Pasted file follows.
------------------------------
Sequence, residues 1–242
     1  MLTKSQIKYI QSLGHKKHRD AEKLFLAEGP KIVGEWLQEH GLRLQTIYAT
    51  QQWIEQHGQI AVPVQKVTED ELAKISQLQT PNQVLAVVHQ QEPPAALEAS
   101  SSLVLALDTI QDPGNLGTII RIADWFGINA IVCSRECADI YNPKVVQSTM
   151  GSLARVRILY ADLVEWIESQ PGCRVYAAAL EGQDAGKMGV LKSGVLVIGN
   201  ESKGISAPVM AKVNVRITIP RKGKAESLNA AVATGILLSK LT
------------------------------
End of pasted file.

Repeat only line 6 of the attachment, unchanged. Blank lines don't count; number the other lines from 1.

   201  ESKGISAPVM AKVNVRITIP RKGKAESLNA AVATGILLSK LT